This is for those of you looking to learn which platforms might be right for your business.
Maybe you feel a little bit overwhelmed with all of the different social media options and ways of communicating with prospects and customers. Here’s a quick guide to choosing only the platforms that’ll bring some value toward your mission.
Fish where the fish are
This is about the places where we might want to consider having stuff.
It’s a big mistake to think that you need to have a presence on every social platform to win. That’s spreading your resources far too thin, and you won’t likely bring impact on any of the platforms.
Instead, allocate your marketing resources on the platforms that make the most sense. This is based on the type of demographics that frequent each platform, and their “mindset” when they’re there. Once we understand these elements, we can better select the right platforms to play on, and create content that is contextual to that platform.
Facebook is Still Super Relevant
If you’re chasing audiences ages 30 to 65 year olds or so, Facebook is excellent right now. It’s still the big player in the room in fact. I mean everybody’s on Facebook in general.
While organic reach in Facebook has diminished in recent years, paid reach is probably the absolute best in terms of underpriced attention on the web. You can get in front of highly targeted demographics based on location, interests, incomes, etc.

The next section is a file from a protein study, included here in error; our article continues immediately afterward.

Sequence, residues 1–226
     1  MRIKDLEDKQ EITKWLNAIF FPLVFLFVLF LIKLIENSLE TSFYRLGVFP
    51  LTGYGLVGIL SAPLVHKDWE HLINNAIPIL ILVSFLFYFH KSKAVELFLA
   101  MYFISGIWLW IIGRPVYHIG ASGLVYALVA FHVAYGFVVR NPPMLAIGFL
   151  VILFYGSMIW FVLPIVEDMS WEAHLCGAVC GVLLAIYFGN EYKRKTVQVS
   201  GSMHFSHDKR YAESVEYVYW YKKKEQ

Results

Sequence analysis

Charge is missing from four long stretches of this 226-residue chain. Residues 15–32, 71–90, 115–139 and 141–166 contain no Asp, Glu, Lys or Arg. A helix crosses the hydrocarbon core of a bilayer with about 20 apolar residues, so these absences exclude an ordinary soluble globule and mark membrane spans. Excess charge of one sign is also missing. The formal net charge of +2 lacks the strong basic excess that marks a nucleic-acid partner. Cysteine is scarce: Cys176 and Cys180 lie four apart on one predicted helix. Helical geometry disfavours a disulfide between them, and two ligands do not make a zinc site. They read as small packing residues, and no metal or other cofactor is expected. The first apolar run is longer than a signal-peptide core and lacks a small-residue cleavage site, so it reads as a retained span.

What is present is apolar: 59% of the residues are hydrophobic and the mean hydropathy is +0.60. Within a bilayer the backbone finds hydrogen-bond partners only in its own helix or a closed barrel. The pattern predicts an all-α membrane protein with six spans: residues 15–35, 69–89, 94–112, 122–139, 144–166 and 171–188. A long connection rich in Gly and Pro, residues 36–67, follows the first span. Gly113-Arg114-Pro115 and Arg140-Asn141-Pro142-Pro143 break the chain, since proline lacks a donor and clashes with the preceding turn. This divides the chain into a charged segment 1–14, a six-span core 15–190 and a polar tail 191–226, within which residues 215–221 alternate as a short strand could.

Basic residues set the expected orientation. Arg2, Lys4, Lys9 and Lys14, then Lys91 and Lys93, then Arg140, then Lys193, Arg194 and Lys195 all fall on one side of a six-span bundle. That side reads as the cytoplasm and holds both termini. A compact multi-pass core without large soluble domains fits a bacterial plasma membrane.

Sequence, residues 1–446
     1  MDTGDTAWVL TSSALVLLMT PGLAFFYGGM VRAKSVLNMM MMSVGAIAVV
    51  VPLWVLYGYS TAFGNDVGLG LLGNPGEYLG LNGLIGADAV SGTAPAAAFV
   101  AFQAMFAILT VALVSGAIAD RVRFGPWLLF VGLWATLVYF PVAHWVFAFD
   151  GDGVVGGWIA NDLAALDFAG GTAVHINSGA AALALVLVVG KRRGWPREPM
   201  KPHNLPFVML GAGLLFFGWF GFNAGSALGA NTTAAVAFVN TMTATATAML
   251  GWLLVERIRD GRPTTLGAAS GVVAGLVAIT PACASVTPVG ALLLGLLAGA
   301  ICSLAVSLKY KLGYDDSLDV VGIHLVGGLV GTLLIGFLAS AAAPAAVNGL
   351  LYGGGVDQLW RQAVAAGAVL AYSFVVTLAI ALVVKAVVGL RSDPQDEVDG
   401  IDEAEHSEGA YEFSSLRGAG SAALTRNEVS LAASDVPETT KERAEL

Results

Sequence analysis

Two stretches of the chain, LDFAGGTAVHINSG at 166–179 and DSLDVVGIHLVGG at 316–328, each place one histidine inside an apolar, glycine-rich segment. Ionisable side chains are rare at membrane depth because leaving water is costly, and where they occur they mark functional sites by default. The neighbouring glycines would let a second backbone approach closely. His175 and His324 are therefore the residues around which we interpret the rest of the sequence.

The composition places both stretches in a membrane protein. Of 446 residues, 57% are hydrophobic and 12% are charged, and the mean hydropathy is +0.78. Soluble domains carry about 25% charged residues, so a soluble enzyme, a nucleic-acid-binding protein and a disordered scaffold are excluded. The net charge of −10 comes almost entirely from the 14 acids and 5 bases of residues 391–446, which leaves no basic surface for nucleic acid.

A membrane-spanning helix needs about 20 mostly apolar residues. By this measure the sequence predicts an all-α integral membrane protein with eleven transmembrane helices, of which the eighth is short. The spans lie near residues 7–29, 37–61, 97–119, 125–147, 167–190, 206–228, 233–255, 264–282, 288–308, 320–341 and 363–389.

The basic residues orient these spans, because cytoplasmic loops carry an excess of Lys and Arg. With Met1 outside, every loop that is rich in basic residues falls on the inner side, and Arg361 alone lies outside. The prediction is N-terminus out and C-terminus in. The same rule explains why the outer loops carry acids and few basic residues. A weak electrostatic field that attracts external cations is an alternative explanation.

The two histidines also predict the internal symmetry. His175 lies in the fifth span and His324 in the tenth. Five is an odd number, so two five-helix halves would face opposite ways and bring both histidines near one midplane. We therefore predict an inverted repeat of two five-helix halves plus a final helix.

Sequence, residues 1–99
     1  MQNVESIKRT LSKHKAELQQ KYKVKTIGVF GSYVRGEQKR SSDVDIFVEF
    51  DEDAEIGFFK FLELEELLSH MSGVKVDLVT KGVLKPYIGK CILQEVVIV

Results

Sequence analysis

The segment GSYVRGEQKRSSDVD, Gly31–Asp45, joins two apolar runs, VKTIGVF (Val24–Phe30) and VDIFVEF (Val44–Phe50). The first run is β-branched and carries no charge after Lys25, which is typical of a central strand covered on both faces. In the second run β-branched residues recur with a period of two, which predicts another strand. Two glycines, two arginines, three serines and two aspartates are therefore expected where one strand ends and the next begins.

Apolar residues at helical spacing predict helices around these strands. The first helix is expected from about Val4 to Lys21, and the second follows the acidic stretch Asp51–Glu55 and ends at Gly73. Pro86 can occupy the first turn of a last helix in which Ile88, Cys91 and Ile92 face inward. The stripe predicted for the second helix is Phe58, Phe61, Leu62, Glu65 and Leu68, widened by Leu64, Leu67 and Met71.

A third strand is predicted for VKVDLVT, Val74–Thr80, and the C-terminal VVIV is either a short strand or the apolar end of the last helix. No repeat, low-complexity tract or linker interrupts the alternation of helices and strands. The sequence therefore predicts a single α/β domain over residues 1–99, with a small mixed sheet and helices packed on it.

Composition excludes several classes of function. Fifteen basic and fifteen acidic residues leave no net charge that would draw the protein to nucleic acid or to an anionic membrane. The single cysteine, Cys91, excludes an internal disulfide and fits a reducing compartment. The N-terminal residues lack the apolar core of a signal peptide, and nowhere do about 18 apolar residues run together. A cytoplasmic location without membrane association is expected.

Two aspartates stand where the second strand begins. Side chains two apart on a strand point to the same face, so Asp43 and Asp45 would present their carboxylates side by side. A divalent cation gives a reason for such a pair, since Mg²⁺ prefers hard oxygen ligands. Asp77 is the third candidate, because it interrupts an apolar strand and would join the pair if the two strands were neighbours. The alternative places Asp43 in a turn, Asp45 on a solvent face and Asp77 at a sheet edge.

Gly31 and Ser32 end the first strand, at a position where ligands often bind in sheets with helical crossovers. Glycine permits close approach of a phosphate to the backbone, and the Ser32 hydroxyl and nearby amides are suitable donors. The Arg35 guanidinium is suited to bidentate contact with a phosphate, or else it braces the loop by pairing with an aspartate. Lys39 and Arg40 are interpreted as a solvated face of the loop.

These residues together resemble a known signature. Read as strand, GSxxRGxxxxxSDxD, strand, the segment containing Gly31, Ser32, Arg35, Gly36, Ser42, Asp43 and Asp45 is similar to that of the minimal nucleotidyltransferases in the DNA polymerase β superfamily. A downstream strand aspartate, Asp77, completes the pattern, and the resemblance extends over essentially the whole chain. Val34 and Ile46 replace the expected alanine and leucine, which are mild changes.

It’s important to know that people generally go onto Facebook for reasons that are a little bit more personal. They want to communicate with their friends, catch up on gossip, and see what their friends are doing. Develop your content with this fact in mind.
LinkedIn is for Business
Nobody goes to LinkedIn to see pictures of dogs or what their buddy ate for dinner. They go there for business connections and advice. So creating content that’s contextual for the platform is important.
The same article or a video posted on Facebook should be with a more personal, casual context, while the same content on LinkedIn should be introduced with a business spin.
Organic reach on LinkedIn is tremendous right now. Long-form written articles can help you get found more than any other platform.
Additionally, a great business strategy on LinkedIn includes your entire team. All employees following your organization on LinkedIn can serve to amplify your reach exponentially.
Instagram is Best for Visual, Native Content
Instagram is a younger demographic…perhaps ages 18 – 35. It’s important to note that most people got to Instagram for social/personal content rather than business-related stuff.
While organic reach has declined in recent years, paid reach is still super cheap.